A commission for the canton of Geneva’s government supports a tax on added sugar to fight obesity, according to the newspaper Le Temps.
Bertrand Buchs and Delphine Bachmann, two elected officials active in the medical sector, are behind the initiative.
The text required to implement the tax, which takes aim at added sugar, is likely to be put to a government vote in March 2020. The money collected would be spent on raising awareness of the damaging health effects of sugar.
Some are skeptical of the impact of sugar taxes. In Geneva, it is easy to shop in the neighbouring canton of Vaud or in France, although France introduced an added sugar tax in 2018.
Unfortunately, many sugar taxes, like the one in France, are narrowly focused on added sugar. But sugar, even added sugar, comes from fruit and vegetables, things we are told are healthy.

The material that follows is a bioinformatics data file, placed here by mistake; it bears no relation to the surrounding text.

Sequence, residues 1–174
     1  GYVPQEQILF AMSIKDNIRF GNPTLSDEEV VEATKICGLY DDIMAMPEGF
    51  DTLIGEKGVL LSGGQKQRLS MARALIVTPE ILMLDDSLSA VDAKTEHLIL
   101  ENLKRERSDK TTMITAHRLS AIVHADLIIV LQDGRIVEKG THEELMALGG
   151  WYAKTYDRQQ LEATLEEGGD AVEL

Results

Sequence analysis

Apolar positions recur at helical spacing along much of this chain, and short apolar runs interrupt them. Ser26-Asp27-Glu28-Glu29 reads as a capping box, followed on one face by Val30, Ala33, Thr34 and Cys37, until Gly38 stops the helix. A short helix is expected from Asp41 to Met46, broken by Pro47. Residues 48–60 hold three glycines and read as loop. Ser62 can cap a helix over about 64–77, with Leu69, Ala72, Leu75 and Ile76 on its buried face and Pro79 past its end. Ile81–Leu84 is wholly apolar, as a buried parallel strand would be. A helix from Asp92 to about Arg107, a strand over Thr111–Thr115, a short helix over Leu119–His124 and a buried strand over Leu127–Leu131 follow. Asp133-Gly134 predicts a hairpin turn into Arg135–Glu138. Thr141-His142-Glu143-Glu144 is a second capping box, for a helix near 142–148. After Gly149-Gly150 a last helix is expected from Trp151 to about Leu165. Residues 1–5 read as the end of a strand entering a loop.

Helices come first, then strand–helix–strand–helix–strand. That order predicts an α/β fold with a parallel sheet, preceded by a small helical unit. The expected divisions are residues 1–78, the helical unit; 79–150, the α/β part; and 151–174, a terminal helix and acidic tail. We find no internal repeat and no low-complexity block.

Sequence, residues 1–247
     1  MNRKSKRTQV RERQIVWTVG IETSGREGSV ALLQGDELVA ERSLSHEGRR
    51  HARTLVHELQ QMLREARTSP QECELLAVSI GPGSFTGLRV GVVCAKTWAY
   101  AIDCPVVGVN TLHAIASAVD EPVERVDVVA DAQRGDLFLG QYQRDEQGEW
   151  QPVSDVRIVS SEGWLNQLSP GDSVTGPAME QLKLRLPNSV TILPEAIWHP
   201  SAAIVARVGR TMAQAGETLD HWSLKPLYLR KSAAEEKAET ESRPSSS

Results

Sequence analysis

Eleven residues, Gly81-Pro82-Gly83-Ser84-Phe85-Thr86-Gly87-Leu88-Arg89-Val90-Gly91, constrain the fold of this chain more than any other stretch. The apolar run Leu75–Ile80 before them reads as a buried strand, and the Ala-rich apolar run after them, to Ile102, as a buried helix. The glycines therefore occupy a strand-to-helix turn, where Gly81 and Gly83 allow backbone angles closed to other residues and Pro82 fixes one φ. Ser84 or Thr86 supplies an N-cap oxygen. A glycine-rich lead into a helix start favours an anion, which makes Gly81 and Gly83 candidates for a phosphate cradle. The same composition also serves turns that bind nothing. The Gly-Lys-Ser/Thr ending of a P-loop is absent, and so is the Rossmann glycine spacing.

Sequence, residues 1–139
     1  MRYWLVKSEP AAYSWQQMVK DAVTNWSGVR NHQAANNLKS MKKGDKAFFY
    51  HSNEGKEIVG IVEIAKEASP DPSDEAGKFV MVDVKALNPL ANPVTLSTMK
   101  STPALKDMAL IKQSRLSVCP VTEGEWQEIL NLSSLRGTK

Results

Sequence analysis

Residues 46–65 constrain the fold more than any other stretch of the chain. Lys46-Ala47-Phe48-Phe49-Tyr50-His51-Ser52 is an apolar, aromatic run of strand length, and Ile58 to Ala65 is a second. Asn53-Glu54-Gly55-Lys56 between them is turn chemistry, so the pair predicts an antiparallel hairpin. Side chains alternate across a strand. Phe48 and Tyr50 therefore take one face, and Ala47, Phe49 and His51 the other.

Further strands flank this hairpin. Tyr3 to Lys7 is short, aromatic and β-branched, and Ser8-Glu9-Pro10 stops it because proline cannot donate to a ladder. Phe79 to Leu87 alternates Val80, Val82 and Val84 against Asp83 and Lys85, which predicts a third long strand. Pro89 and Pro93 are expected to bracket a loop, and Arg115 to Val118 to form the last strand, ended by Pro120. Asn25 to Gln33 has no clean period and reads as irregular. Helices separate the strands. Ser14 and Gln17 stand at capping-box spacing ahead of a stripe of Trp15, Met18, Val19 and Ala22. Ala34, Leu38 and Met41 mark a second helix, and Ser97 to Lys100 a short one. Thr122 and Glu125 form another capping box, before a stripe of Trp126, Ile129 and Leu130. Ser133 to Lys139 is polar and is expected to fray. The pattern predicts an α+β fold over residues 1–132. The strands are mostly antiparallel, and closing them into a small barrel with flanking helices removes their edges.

To clear up the confusion. the World Health Organisation (WHO) came up with the concept of “free sugar” versus “intrinsic sugar”. Free sugar is any sugar that has been released from its natural packaging. This includes “sugars naturally present in honey, syrups, fruit juices and fruit juice concentrates”. So the sugar in fruit juice is as harmful as the sugar found in soda, according to WHO.
It is important to note that the WHO says “there is no reported evidence linking the consumption of the intrinsic sugars found in whole fruit and vegetables to adverse health effects”. So, according to WHO, the sugar in fruit juice is like the sugar in soda, but whole fruit and vegetables, despite containing sugar, are good for you – WHO advice on sugar can be viewed here.
The difference between whole fruit and fruit juice appears to relate to complex differences in way the body processes the two and the calorific concentration from juicing – a glass of orange juice, which contains most of the fruit’s calories, is far less filling than eating the five whole oranges required to make it.